God in the CCU?
A critique of the San Francisco hospital study on intercessory prayer and healing
Gary P. Posner, M.D.
[This article was originally printed in Spring 1990 issue of Free Inquiry.]
The day of publication of the July 1988 issue of the Southern Medical Journal must have been one Hell of a busy news day, literally. Apparently none of the major media in the world could manage to find room to include this little item: a scientific study, published that day in that journal, indicates that God exists, and that he had interceded in the recovery of a group of coronary care unit patients! Both Paul Harvey and Charles Osgood publicized this study in their radio commentaries in early 1989, so despite the delay, word of this startling development has by now reached the heartland of America.
In his article entitled "Positive Therapeutic Effects of Intercessory Prayer in a Coronary Care Unit Population," Randolph C. Byrd, M.D., a San Francisco cardiologist, endeavored to answer these questions: (1) Does intercessory prayer (IP) to the Judeo-Christian God have any effect on a CCU patient’s medical condition and recovery? (2) How are these effects manifested, if present?
The study took place between August 1982 and May 1983, when 393 patients signed informed consent papers upon admission to the San Francisco General Hospital CCU, and were entered into a prospective, double-blind, randomized study. (The remaining fifty-seven patients admitted during this period cited various reasons for refusing to participate.) A computer-generated list randomly assigned patients to either the IP or the control group, and neither they, nor the CCU doctors and staff, nor Randolph Byrd were aware of which patients were assigned to which group.
Intercessors chosen to pray for the IP-group patients were "’born again’ Christians (according to the Gospel of John 3:3) with an active Christian life as manifested by daily devotional prayer and active Christian fellowship with a local church." Each IP patient "was assigned to three to seven intercessors … The [IP] was done outside of the hospital daily until the patient was discharged … each intercessor was asked to pray daily for a rapid recovery and for prevention of complications and death."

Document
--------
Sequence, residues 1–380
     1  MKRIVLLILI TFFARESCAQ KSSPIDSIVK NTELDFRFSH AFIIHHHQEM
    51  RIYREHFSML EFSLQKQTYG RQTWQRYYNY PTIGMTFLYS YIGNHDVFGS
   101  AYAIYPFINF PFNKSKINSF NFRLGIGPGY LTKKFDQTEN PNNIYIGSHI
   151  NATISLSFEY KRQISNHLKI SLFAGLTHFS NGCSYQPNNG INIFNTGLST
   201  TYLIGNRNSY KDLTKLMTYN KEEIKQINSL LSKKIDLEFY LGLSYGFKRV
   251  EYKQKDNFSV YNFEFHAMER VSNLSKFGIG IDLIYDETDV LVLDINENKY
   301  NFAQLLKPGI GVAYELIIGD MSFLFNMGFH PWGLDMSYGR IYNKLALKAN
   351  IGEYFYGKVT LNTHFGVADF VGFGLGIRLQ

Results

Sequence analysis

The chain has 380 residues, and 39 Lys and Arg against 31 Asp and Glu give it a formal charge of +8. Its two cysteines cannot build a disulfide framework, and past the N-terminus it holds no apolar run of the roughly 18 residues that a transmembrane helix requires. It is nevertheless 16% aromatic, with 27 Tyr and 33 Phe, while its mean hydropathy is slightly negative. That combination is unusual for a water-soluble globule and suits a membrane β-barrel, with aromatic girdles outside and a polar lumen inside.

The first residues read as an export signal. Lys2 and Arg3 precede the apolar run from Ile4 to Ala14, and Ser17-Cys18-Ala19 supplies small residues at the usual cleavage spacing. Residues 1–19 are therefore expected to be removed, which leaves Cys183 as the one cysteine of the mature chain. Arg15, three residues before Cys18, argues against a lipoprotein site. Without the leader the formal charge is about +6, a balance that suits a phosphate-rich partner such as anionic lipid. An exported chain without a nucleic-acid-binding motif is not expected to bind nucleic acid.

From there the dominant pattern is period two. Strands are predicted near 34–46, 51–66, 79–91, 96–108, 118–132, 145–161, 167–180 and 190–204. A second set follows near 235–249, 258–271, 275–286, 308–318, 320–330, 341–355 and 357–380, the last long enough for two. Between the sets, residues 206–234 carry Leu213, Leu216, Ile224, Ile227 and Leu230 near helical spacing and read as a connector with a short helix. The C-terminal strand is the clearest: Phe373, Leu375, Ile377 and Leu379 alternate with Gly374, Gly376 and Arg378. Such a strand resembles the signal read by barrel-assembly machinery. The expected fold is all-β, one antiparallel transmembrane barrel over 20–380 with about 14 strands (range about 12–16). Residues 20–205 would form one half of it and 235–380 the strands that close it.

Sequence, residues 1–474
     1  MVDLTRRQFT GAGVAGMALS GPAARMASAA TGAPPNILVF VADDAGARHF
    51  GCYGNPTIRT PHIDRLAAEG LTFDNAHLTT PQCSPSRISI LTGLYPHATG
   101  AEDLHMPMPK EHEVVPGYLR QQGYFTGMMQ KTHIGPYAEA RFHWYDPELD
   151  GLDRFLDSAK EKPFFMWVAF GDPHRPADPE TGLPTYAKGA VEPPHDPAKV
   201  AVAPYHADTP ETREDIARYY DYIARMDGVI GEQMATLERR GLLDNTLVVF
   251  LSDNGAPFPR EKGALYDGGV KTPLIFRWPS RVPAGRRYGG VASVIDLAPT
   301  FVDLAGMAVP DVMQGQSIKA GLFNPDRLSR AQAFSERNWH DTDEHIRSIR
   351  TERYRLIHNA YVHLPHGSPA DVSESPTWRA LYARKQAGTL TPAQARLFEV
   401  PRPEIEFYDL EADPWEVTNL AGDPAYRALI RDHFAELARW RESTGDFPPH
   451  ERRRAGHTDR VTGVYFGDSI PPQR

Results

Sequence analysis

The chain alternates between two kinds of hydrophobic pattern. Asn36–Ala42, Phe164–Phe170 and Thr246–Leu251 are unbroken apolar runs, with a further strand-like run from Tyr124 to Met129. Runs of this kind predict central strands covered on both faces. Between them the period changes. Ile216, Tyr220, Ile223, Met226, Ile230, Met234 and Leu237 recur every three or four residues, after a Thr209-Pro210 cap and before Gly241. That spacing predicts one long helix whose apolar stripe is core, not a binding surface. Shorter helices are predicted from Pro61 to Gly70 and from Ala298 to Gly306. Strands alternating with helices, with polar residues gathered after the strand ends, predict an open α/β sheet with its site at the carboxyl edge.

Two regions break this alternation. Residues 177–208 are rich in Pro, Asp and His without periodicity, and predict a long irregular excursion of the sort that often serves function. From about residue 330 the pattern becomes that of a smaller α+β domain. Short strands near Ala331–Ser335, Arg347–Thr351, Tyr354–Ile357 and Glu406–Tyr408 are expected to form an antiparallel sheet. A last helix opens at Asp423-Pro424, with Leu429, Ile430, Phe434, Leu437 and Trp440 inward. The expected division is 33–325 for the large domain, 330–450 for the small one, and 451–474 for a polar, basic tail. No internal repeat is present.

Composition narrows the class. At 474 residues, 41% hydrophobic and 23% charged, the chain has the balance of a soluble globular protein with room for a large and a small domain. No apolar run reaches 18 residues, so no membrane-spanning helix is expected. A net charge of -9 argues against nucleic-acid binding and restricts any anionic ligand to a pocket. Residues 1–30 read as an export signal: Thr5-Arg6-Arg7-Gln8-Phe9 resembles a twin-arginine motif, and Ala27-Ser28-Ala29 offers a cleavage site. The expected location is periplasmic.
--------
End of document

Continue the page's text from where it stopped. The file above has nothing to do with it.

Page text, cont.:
The IP group consisted of 192 patients, and the control group of 201. Analyses revealed no significant statistical differences between the health of the two groups upon admission. "Thus it was concluded that the two groups were statistically inseparable and that results from the analysis of the effects of [IP] would be valid." The mean age of the IP patients was two years younger than that of the control patients, a difference deemed statistically insignificant.
Each patient’s hospital course was given a severity score of "good," "intermediate," or "bad," based upon the degree of morbidity experienced by the patient. In addition, twenty-six categories of "New Problems, Diagnoses, and Therapeutic Events After Entry" were measured, and tested for statistical significance between the groups. These included such things as congestive heart failure, diuretics, hypotension, intubation/ventilation, pneumonia, and so on.
The results of the study, as reported by Byrd, employing "multivariant [sic] analysis of the data using [these twenty-six] variables … revealed a significant difference (P less than .0001) between the two groups based on events that occurred after entry into the study. Fewer patients in the prayer group required ventilatory support, antibiotics, or diuretics." (1) In addition, using the "good/intermediate/bad" severity score, "A bad hospital course was observed in 14% of the prayer group vs. 22% of the controls. . . .chi-square analysis of these data gave a P value of less than .01" (that is, a less than 1 percent probability that chance alone could account for the difference).